Two NASA astronauts completed the first in a series of three spacewalks to continue upgrading the power supply for the International Space Station (ISS).
Expedition 68 crewmates Josh Cassada and Frank Rubio worked together on Tuesday (Nov. 15) to prepare the exterior of the space station for the addition of two more upgraded solar arrays. Their extravehicular activity (EVA) was the sixth spacewalk since June 2021 to be dedicated to the new ISS Roll Out Solar Arrays, or iROSAs, which are augmenting the station's existing solar panel wings.
Cassada and Rubio began their EVA at 9:14 a.m. EST (1414 GMT), about an hour and 15 minutes later than originally planned. While getting ready to exit the station's Quest airlock, Cassada discovered a problem with the display on his spacesuit's control unit, which required the extra time to troubleshoot and correct.
Spacewalks: How they work and major milestones
Once outside, the two spacewalkers split ways to tackle separate tasks. Rubio went to work routing cables for the next iROSA to be installed on an EVA later this month, while Cassada got started on setting up for the installation of a modification kit to support another of the arrays.
"I was told I got to do a spacewalk with Frank, but I haven’t seen him today," joked Cassada. "Every time we run into each other, it's nighttime."
Once Rubio was done, he joined Cassada at the end of the station's starboard truss to assist in the major task of their spacewalk, the addition of iROSA mounting bracket for the 1A power channel. The hardware the two were installing arrived at the space station on Nov. 9 aboard the Northrop Grumman NG-18 Cygnus spacecraft, the S.S. Sally Ride.
"The TBA bag is real hard to keep out of your face, I'll tell you that," radioed Cassada to Mission Control in Houston, describing a tool bag assembly that even though tethered seemed to want to obscure his view.
"Yeah, I see it. It has got a little mind of its own," replied astronaut Zena Cardman, who served as the CapCom (capsule communicator) supporting Tuesday's spacewalk.
"I keep trying to tuck it under my chin. It's not working," Cassada replied.
In addition to the bracket itself, the modification (or mod) kit included the struts Cassada and Rubio assembled to form a support frame for the new solar array. The spacewalkers were able to erect the frame, but due to the delay getting started with the spacewalk, had to forgo adding the collar bolts that secure the struts in place, as well as running cables to the assembly. Those tasks will be deferred to a future spacewalk.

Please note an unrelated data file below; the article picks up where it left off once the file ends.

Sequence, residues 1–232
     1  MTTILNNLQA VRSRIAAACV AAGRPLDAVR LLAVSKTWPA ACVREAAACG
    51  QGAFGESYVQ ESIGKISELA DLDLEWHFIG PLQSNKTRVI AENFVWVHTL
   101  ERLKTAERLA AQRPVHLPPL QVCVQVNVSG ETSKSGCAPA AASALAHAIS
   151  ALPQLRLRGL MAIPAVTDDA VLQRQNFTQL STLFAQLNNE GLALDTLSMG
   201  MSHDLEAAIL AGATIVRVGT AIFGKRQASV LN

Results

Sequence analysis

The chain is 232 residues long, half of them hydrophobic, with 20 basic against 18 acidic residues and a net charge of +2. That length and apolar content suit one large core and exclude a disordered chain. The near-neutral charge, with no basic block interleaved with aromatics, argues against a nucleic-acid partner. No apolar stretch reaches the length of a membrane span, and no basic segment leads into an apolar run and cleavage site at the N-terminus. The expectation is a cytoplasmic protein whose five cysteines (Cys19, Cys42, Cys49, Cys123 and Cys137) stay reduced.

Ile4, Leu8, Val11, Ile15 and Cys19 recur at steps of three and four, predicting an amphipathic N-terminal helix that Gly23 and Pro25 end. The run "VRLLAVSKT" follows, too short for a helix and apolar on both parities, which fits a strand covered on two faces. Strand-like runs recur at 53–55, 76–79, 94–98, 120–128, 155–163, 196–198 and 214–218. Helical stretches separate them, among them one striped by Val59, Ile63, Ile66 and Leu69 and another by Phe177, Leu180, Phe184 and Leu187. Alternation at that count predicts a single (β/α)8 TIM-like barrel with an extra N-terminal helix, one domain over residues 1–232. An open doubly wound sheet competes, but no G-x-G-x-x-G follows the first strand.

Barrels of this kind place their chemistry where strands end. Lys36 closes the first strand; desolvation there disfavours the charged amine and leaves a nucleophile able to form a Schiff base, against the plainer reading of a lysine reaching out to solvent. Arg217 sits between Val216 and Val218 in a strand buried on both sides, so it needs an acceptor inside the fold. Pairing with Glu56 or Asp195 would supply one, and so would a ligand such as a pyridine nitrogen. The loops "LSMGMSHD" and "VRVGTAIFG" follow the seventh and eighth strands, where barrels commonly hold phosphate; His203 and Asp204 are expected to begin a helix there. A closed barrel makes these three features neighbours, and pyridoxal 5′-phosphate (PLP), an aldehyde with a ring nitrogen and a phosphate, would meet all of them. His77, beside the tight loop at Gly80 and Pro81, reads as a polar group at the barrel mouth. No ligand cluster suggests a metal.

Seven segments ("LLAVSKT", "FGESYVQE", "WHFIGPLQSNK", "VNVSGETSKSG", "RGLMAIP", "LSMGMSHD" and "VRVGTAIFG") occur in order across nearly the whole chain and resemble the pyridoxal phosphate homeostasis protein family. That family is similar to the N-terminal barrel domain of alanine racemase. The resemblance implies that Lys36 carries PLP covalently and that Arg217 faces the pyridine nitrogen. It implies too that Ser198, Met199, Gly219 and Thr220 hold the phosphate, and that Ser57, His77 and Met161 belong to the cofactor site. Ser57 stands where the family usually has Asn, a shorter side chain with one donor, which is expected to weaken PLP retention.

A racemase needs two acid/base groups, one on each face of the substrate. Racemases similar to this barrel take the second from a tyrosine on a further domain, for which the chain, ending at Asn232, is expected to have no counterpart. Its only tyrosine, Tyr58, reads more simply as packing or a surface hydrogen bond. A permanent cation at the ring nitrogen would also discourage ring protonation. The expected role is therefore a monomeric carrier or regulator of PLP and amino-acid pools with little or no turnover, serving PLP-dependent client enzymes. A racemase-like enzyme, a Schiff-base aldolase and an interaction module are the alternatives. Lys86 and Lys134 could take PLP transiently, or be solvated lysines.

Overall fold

To date, two of the six planned iROSA installations have been complete. After Tuesday's EVA, three more had their mounting hardware in place, leaving just one more to be done. Each of the new arrays is capable of generating 20 kilowatts of power. When used in tandem with the still-exposed areas on the older larger wings, the upgraded system will be capable of increasing the space station's electricity supply by 20 to 30%.
The iROSAs were developed and built by Deployable Space Systems, now part of the space infrastructure technology company Redwire, and were prepared for launch by Boeing. In addition to assuring the space station has enough power to support its future needs, including expanded commercial activities, the iROSAs also serve as a test for a similar set of roll-out solar arrays to be used at NASA's Artemis Gateway space station to be deployed in orbit around the moon.
The Gateway's ROSAs will be longer and deployed remotely, without astronauts present, but otherwise will use the same technology as the station's iROSAs.
Cassada and Rubio completed Tuesday’s spacewalk at 4:25 p.m. EST (2125 GMT), after spending 7 hours and 11 minutes outside the International Space Station. The EVA was the first for both crewmates.
The spacewalk was the ninth for the year, the first of at least seven planned for Expedition 68 and the 254th since 1998 in support of assembly and maintenance of the ISS.
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Robert Pearlman is a space historian, journalist and the founder and editor of collectSPACE.com, an online publication and community devoted to space history with a particular focus on how and where space exploration intersects with pop culture. Pearlman is also a contributing writer for Space.com and co-author of "Space Stations: The Art, Science, and Reality of Working in Space” published by Smithsonian Books in 2018. He previously developed online content for the National Space Society and Apollo 11 moonwalker Buzz Aldrin, helped establish the space tourism company Space Adventures and currently serves on the History Committee of the American Astronautical Society, the advisory committee for The Mars Generation and leadership board of For All Moonkind. In 2009, he was inducted into the U.S. Space Camp Hall of Fame in Huntsville, Alabama. In 2021, he was honored by the American Astronautical Society with the Ordway Award for Sustained Excellence in Spaceflight History.